The studies described here initiated immunizations in 2 models; OVA transgenic mice and a self-tumor antigen model with IGFBP-2. In the OVA model, transgenic T cells are transplanted into nontransgenic mice, so that the immune response elicited with each adjuvant is not impacted by issues of tolerance. Both adjuvants were near equally effective in stimulating OVA-specific CD4+ and CD8+ T cells. The superiority of imiquimod in eliciting CD8+ T cells is most likely due to the known effects of the agent on upregulating class I MHC and inducing secretion of high levels of IFN-γ (28). In the TgMMTVneu model, vaccine experiments evaluating the immunogenicity of each agent were carried out in nontumor-bearing mice and mice never received a tumor implant. The inability of imiquimod to induce a measurable level of IGFBP-2–specific IFN-γ secreting T cells indicates that regulatory mechanisms were operative in the initial priming of a self-immune response. It has recently been shown that MDSCs directly inhibit the development of type I T cells and block the secretion of IFN-γ by both T cells and natural killer cells (29). When Treg and MDSC were depleted during initial immunizations, but depletions stopped before the introduction of tumor, the antitumor response induced by imiquimod was identical to that seen with GM-CSF. This observation implies that imiquimod administration, in the presence of a self-antigen vaccine, results in a potent immunosuppressive regulatory response inhibiting priming of a type I T-cell response, even in animals without tumor. Both Treg and MDSC elaborated via imiquimod administration were operative in dampening vaccine induced immunity.

The development of adjuvants to stimulate cellular immunity has been an area of intense investigation for the last several years. It is acknowledged that for cancer vaccines to be effective, adjuvant systems that will promote the generation of type I immunity are needed. Finding a potent mix of adjuvants has begun in earnest in the study of infectious disease vaccines (4). Immunization against self-tumor antigens may introduce self-regulatory responses that will not allow direct application of successes seen with adjuvants in foreign antigen vaccines to cancer vaccine clinical trials. Moreover, adjuvants that effectively stimulate immunity when used as single agents may have different effects when used in combination. Studies, such as the one reported here, underscore the need for preclinical modeling of adjuvant combinations in therapeutically relevant systems before the application of adjuvant approaches in human clinical trials.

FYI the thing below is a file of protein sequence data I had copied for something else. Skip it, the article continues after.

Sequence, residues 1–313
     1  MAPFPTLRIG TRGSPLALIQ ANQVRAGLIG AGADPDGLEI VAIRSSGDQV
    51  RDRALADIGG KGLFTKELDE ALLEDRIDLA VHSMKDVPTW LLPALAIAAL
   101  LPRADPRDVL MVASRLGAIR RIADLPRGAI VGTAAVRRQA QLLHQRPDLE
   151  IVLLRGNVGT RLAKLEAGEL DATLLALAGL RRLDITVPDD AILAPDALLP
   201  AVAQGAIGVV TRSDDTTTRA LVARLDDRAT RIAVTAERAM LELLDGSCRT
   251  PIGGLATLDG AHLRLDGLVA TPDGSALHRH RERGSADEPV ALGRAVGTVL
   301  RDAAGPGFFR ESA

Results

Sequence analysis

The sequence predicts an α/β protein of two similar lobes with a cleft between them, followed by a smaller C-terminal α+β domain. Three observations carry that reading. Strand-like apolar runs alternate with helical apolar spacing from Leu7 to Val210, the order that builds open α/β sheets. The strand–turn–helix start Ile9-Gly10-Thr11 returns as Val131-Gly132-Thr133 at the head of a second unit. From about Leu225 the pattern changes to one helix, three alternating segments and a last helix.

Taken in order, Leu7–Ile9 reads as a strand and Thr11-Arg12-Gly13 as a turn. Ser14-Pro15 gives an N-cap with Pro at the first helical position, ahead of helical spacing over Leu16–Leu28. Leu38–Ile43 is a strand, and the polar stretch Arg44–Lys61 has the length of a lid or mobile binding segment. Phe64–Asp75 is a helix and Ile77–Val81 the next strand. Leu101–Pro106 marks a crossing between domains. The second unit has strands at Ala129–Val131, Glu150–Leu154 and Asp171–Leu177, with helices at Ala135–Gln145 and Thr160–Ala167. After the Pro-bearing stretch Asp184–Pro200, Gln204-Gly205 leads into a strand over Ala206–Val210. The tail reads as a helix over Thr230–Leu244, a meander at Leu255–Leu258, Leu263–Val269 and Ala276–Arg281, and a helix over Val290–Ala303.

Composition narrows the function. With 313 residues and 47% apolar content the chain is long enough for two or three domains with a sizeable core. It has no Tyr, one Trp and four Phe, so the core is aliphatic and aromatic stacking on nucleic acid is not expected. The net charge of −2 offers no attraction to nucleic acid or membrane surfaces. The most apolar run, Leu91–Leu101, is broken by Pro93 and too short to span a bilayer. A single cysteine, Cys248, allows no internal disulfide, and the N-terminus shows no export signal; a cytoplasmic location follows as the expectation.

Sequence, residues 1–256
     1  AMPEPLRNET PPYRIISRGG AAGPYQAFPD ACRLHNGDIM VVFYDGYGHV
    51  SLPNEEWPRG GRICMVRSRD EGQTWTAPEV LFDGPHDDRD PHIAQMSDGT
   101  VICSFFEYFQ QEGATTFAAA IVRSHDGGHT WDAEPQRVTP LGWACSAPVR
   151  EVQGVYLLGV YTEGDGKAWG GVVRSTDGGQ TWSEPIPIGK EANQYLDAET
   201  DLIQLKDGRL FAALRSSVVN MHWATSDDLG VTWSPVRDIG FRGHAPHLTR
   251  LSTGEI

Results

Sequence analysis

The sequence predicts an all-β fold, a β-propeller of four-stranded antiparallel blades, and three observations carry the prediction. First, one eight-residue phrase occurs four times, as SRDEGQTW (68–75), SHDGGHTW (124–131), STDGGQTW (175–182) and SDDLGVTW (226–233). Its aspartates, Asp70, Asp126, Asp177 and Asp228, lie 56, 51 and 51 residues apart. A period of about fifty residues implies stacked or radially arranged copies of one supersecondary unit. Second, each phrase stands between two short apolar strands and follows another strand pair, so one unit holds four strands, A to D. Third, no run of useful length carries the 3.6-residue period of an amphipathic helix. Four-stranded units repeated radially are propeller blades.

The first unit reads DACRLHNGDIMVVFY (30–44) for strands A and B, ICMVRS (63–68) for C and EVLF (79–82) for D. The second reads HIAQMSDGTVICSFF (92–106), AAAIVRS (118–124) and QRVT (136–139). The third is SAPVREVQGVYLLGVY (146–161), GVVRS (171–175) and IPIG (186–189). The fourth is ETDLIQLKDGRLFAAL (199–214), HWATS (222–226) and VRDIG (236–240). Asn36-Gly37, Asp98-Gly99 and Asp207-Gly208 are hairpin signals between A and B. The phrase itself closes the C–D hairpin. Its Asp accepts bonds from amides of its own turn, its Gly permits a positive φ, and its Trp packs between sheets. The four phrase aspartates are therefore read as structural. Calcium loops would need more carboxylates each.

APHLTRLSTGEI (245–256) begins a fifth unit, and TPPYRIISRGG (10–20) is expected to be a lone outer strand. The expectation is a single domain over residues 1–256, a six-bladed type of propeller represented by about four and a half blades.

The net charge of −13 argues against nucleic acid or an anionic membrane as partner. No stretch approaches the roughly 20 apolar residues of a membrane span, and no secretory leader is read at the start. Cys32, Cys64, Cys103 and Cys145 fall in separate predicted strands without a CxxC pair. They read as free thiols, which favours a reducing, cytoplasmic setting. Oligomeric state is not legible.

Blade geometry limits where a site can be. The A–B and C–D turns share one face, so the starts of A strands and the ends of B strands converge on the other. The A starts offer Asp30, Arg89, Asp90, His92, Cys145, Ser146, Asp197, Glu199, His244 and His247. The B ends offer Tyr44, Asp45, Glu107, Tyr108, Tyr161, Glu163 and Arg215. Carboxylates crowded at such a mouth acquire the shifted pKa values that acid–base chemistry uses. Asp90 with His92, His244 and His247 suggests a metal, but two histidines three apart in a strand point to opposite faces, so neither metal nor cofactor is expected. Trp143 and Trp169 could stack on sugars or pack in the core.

M.L. Disis has commercial research grants from GlaxoSmithKline and Hemispherx; has ownership interest (including patents) in University of Washington, Epigenomics; and is the consultant/advisory board member for Roche, BMS, Ventirx, and Immunovaccine. No potential conflicts of interest were disclosed by the other authors.

Conception and design: Y. Dang, E. Gad, C.M. Berger, M.L. Disis

Development of methodology: Y. Dang, E. Gad

Acquisition of data (provided animals, acquired and managed patients, provided facilities, etc.): Y. Dang, W.M. Wagner, E. Gad, L. Rastetter, C.M. Berger, G. Holt

Analysis and interpretation of data (e.g., statistical analysis, biostatistics, computational analysis): Y. Dang, W.M. Wagner, G. Holt, M.L. Disis

Writing, review, and/or revision of the manuscript: Y. Dang, M.L. Disis

Administrative, technical, or material support (i.e., reporting or organizing data, constructing databases): M.L. Disis

Study supervision: M.L. Disis

This work was supported by the National Cancer Institute (K24CA85218, N01-CN-53300/WA#10, and U01 CA141539) and the Ovarian Cancer Research Fund.

The costs of publication of this article were defrayed in part by the payment of page charges. This article must therefore be hereby marked advertisement in accordance with 18 U.S.C. Section 1734 solely to indicate this fact.